Beach Blanket Behemoth
Last Thursday, developers the Related Group and CEO Jorge Perez broke ground for a 50-story tower in the massive Beach Club complex at 1820 S. Ocean Dr. in Hallandale Beach. The entire City Council of Broward's southernmost burg and dozens of others attended the event.
The 50-story condo behemoth will be one of the tallest ever built on the Broward coastline -- though still five stories short of bad-hair-boy Donald Trump's Royale and Palace a few miles to the south, in Miami-Dade County.
Former Hallandale Beach mayor and current council member Dotty Ross addressed the crowd at Thursday's event. "These towers rise like jewels, and they are jewels -- the colors are jewel-like," she rhapsodized, finding one good word and sticking with it.
The first Beach Club monstrosity -- 43 stories and 390 units -- has already sold all its units, and the second, which was christened last week and is really just a pile of rubble, has four of 480 left. According to Perez, the Beach Club will eventually sport three 40- and 50-plus-story towers (1,253 units total) as well as pools, gardens, and a 50,000-square-foot European-style spa, whatever that means.
Problem is, the real people are none too happy about Clinton buddy Perez and his minions' overbuilding their neighborhood.
At the Beachside Café, a simple shack with a wide wooden deck and a family of eight fluffy chickens scampering about, regulars downed Budweisers. The place, owned by Kay Lyn Doderer, is the opposite of the condo canyon growing around it. Around sunset, talk turned to the approaching construction, as it often does.
Doderer says that most of the condos that have opened so far have been bought by speculators and will remain unfinished and unoccupied for years. "It would be OK if there were people in them," Doderer says. "If there were people, then you could afford to have a restaurant or a bar around here."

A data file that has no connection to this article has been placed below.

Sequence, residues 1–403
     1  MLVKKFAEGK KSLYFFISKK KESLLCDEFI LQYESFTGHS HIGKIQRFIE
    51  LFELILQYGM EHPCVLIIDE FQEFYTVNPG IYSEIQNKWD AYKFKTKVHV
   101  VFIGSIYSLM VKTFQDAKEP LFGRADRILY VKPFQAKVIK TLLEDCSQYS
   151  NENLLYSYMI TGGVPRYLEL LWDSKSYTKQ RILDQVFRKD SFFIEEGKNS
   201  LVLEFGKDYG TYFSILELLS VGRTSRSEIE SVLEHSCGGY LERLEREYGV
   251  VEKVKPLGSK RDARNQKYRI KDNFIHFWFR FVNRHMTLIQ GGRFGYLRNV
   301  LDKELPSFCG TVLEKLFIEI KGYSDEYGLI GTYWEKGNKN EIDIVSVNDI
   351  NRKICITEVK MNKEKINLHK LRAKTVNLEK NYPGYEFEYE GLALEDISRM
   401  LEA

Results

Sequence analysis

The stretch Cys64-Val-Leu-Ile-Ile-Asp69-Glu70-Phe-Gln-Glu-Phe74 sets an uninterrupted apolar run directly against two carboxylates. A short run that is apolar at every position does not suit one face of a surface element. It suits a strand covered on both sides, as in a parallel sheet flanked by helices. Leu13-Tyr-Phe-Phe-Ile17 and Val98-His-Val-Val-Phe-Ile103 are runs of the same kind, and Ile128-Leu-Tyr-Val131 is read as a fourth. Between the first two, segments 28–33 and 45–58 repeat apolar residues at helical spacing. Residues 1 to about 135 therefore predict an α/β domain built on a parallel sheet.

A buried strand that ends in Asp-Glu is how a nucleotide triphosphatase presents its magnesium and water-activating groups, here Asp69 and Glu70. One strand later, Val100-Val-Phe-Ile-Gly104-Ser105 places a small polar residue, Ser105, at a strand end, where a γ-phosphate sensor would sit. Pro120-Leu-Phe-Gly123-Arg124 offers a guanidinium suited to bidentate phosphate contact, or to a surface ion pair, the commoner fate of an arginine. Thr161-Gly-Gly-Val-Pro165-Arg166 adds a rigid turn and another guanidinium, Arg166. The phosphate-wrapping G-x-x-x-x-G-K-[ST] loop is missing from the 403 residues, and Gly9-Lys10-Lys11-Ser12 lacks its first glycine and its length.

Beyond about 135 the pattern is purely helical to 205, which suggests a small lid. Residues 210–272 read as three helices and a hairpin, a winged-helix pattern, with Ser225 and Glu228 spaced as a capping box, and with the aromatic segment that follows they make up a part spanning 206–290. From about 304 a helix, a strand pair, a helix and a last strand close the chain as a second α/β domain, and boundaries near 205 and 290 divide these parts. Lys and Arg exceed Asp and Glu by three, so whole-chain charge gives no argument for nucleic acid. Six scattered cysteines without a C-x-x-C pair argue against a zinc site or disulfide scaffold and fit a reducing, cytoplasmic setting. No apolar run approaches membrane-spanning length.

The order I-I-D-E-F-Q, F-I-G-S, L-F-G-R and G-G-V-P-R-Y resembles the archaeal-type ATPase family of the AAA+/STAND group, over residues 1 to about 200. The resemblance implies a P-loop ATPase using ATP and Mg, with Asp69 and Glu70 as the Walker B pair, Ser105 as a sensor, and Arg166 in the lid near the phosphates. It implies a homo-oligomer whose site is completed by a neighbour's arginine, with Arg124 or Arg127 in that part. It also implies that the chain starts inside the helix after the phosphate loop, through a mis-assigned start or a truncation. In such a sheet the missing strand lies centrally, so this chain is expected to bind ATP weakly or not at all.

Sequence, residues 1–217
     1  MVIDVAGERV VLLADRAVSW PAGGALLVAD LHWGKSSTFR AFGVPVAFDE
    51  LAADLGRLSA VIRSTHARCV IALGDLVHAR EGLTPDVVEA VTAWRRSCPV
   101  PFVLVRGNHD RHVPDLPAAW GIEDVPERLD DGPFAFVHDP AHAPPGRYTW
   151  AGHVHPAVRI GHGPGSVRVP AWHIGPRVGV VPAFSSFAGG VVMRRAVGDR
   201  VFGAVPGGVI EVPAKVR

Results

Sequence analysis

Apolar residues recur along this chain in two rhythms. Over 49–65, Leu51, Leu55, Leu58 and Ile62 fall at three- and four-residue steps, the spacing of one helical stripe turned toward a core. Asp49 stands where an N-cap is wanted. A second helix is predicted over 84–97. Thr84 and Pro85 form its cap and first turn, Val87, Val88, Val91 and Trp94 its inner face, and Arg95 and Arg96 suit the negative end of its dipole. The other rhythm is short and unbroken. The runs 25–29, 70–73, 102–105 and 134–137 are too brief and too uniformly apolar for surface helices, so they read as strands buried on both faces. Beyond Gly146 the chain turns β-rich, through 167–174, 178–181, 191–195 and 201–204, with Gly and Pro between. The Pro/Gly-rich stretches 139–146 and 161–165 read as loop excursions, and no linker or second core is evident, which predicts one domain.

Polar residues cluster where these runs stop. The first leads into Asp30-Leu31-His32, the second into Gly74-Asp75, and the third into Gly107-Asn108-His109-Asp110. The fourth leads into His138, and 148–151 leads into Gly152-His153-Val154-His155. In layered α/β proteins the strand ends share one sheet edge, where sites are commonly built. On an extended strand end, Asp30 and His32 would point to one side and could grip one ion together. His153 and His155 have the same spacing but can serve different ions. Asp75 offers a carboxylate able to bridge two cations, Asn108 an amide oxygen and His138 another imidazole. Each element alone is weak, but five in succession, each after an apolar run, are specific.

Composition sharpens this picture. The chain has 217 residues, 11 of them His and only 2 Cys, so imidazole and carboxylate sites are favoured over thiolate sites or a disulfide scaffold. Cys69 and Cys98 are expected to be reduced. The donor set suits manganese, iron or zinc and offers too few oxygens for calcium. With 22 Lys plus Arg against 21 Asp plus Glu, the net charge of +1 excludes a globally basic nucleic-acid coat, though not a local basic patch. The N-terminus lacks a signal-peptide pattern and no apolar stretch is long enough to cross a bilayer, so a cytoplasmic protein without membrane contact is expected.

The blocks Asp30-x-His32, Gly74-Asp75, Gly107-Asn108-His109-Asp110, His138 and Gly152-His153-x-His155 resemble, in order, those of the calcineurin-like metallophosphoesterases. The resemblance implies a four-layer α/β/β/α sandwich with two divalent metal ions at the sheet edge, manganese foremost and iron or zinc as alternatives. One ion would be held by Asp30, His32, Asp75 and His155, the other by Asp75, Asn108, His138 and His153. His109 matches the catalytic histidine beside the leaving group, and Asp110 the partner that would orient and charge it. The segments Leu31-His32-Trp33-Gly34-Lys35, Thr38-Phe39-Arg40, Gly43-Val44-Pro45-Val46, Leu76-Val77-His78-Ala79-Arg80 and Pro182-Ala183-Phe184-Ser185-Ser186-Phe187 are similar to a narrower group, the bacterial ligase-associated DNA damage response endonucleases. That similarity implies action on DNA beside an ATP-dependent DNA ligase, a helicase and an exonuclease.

Her statement provoked a general growl of agreement from the regulars. "If you go down the beach to Sunny Isles at night and look at those giant buildings, you'll see maybe two or three lights," one said. "They're sitting empty."
"It's like a ghost town," another agreed.
The site of Beach Club, which was once owned by infamous tycoon Victor Posner, was caught up in probate for years. It offered open space and shady trees until Perez acquired it a year ago. Now, it's going to hell, said Sandra Canessa, who moved from New York City into the building next door to Beach Club just over a year ago. "It's not good," she said. "We chose this area specifically because there weren't as many people. When this is done, we'll probably begin looking to move somewhere else."
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Even Hallandale Vice Mayor Bill Julian wasn't completely overjoyed about the project. "I wish they'd left it like it was, to be honest," he said. "The city could have had this place a long time ago, but we missed our chance."
One pocket of public green space does remain on the south side of the construction -- a small park with trees, a playground, and public parking. Beach Club developers have offered to "beautify" the area by taking out the parking and building tennis courts.
"They're not getting our trees," Julian vowed. "I'll chain myself to a palm tree if I have to."
-- As told to Chuck Strouse